Whether you’re interested in photography or cinematography, you’ve seen the gamut of what can be done to manipulate images to get breathtaking cinematic effects. Some though, aren’t as complicated as they may look. This article covers the fundamentals of one of the most commonly used techniques that yields incredible looking images. What is shallow depth of field and how can we use it to get consistent quality out of our work?
Defining Shallow Depth of Field
What is a small depth of field?
A shallow depth of field and a small depth of field are terms used interchangeably. They are also referred to as narrow or even thin depths of field. Yeah, it can get confusing, but it’s really not a difficult concept if you understand depth of field and aperture.
Aperture is a lens setting that affects depth of field. Make sure you’re well-versed in these, but if not, I’ll give you a quick recap so we can jump into what makes a shallow depth of field.
What is Aperture? • Subscribe on YouTube
Depth of field is the area of acceptable sharpness in front of and behind the subject on which the lens is focused. It essentially refers to how blurry or sharp the area is around your subject.The camera’s aperture controls this blurriness and sharpness by adjusting the size of the opening in the lens. Now how might we get a shallow depth of field. Let’s properly define it and then see how to do it.
SHALLOW DEPTH OF FIELD DEFINITION
What is shallow depth of field?
A shallow depth of field is the small or narrow area in an image that is in focus. Often, the background is blurred while only the subject stays in focus. This shallow or small depth of field can be achieved by increasing the aperture or rather lowering the f/ number. Shallow depth of field yields blurrier backgrounds and can work well for portrait photos. By decreasing the depth of field, and increasing the aperture size you can create this blur.
You can also achieve this blurring effect by changing the camera-subject distance and adjusting the focal length of the lens. If the camera is closer to the subject in question, parts of the image will be blurred, resulting in a smaller depth of field, or narrower area of focus. Similarly, a longer focal length, can also create background blur.
How to decrease depth of field:
- Widen the aperture (a lower f/number)
- Situate camera closer to subject
- Distance between subjects
- Lengthen focal length (can use a longer lens)
Reading a shallow depth of field definition is helpful, but seeing what all that means visually might help solidify any lingering confusion.
Racking focus is just one of many types of camera focus in film. For a complete breakdown of these options, watch our episode of The Shot List that is dedicated to depth of field and camera focus.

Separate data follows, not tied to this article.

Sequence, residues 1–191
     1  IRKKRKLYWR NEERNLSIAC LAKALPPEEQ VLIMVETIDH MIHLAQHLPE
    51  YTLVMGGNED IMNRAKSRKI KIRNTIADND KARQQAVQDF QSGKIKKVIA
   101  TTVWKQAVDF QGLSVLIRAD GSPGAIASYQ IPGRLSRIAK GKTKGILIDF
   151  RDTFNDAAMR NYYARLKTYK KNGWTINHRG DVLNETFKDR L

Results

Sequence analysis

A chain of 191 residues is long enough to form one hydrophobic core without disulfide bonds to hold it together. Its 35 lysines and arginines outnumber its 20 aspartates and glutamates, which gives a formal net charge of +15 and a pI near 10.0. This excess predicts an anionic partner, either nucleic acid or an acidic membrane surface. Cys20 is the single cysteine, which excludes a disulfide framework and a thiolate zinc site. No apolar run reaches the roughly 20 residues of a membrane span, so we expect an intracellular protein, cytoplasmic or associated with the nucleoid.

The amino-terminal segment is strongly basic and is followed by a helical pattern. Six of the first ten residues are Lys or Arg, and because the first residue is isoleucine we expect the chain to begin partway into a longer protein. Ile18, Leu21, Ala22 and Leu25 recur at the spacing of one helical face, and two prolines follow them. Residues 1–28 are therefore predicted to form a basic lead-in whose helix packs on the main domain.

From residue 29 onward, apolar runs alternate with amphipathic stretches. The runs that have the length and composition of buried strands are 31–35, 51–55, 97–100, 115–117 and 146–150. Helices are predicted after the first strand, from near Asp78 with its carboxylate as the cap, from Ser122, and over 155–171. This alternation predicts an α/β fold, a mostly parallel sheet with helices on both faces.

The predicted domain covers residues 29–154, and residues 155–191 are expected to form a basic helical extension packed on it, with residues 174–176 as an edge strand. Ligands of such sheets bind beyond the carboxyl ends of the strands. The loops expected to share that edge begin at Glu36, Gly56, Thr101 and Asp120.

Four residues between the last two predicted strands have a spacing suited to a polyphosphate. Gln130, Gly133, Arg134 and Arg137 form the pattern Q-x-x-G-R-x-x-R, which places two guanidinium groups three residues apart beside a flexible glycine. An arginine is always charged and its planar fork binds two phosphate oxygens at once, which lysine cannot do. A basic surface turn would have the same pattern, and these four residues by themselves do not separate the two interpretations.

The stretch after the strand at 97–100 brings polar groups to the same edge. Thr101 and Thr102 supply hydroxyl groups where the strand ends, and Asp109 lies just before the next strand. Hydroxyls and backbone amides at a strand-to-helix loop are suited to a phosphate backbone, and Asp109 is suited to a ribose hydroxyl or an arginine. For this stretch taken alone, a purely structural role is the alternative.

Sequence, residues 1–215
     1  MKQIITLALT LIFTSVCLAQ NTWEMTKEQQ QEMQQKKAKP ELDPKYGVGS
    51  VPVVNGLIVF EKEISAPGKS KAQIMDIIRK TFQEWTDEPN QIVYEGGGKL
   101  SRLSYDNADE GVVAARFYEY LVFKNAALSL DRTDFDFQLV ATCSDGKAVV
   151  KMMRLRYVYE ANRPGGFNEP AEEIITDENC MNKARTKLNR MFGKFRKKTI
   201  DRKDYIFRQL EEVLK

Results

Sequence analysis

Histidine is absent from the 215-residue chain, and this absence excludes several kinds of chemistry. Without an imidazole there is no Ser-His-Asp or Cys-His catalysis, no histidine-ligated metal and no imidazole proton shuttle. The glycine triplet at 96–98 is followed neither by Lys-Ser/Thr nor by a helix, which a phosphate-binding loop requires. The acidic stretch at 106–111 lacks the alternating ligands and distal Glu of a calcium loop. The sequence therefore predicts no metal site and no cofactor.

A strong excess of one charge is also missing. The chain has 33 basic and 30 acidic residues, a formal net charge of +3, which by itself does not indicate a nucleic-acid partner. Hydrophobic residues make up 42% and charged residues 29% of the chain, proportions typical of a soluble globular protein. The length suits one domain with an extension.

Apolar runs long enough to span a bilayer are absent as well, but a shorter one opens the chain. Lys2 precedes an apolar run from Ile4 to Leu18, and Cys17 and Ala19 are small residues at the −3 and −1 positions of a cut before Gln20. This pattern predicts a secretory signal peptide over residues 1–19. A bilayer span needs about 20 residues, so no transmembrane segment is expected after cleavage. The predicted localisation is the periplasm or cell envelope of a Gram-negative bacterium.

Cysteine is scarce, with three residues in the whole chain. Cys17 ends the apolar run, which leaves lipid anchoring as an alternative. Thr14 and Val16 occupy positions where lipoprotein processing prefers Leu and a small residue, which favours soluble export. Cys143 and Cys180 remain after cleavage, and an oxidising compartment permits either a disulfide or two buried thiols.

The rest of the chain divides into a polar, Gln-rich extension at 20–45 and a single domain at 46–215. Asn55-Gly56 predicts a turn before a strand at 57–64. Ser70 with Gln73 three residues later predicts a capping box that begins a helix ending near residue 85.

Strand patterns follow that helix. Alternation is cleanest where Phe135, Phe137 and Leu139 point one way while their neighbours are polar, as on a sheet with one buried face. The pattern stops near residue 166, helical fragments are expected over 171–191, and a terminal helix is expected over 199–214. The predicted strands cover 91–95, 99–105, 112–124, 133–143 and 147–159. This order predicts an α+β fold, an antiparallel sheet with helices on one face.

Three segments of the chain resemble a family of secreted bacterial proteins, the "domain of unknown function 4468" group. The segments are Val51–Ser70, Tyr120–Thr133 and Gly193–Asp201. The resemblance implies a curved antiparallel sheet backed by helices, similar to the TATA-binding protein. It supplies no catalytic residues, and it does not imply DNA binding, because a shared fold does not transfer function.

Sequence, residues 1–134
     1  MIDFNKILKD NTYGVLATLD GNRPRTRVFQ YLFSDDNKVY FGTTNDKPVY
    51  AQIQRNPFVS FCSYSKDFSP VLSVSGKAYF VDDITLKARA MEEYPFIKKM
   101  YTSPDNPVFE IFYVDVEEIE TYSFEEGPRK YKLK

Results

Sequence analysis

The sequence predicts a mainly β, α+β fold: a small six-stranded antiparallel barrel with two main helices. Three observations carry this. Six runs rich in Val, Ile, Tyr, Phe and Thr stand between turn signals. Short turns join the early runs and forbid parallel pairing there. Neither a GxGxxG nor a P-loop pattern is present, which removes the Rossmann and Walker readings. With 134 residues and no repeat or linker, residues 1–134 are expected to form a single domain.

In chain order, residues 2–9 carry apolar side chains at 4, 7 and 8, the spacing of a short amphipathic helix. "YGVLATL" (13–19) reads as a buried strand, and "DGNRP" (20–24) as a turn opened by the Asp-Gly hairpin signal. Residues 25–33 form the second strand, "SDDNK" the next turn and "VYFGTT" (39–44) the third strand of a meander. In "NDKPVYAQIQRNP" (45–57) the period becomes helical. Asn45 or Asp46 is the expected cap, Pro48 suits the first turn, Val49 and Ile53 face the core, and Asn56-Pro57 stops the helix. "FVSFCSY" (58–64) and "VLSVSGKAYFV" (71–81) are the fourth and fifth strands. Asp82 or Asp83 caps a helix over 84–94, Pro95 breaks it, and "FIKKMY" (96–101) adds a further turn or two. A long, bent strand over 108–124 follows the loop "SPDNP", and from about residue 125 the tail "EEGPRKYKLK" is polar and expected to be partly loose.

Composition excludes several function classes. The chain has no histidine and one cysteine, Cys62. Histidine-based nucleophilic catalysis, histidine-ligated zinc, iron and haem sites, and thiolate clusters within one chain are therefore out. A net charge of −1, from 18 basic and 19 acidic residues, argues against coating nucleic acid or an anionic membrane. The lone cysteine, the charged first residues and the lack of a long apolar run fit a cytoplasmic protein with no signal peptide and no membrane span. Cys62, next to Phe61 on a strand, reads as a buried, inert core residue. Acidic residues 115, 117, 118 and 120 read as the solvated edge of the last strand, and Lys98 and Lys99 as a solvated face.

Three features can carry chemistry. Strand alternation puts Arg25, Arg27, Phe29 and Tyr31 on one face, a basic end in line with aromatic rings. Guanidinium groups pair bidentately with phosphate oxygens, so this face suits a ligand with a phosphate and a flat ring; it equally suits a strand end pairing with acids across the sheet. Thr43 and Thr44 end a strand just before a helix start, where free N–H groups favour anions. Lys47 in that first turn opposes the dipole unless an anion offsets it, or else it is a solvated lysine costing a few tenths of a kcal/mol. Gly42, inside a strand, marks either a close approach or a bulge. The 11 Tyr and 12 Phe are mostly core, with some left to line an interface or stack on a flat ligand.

Ultimate Guide to Depth of Field • Subscribe on YouTube
Now that we have a firm grasp of shallow depth of field, let's look at some examples from film and photography. Below are some best practices for achieving a small depth of field.
Shallow Depth of Field Photography
How to decrease depth of field
With the three ways mentioned above, adjusting aperture, changing camera-subject distance, and considering focal length, let’s take those a bit deeper. You can watch Sierra’s video below, or keep reading.
Learn how to capture the blur
Widening Your Aperture
Opening up your lens aperture to a low f/stop can dramatically decrease the depth of field. The bigger the opening, the more blur in your image or footage. But keep in mind this also means you will be letting more light. Understanding what ISO is and even how shutter speed works is critical to balancing your photo’s exposure.
Move Camera Closer to the Subject
The closer the camera is to your subject, the more shallow depth of field. This positioning creates blur in the foreground and background.
Keep Subjects Far From Each Other
The further the subject is from the background dramatically decreases the depth of field as it gives the image some depth. The distance between subjects will also give this effect.
Lengthen Focal Length
The longer the lens, the more shallow depth of field you can achieve. If you have a camera that has interchangeable lenses, and happen to own an 85mm or longer lens, you’ll be in great shape. Zoom lenses or telephoto lenses work well here but aren’t required. If you can’t afford or just simply don’t have a longer lens option, don’t worry.
You can zoom in to the lens’ maximum capacity. Just make sure your camera is mounted on a tripod as zooming that far in makes your image more susceptible to shake.
If you’re using a longer lens, you can actually station the camera further away and still maintain that shallow depth of field. Even though, as mentioned above, closer distances give you that blur, these longer lenses allow flexibility in the camera-subject distance.
Let's move on to some examples.
Shallow Depth of Field Photos
Examples of shallow depth of field
Academia isn’t always practical, so why don’t we see some examples of what shallow depth of field looks like and how the above mentioned tricks interact to give quality blur, and make our subjects pop.
ISO 100, f/3.2, 1/100 second exposure
The next shallow focus shot uses a Canon EF 400mm lens with f/2.8 aperture. And it's also adorable. You're welcome.
Small aperture allows for shallow focus and bokeh
The next post dives into critical exposure considerations.
What is Shutter Speed?
If you’re comfortable with shallow depth of field, and how aperture affects it, but are unsure how other lens considerations work, take a dive into our next article Shutter speed is another of those essential requirements for achieving consistent quality images.
Up Next: What's Shutter Speed? →
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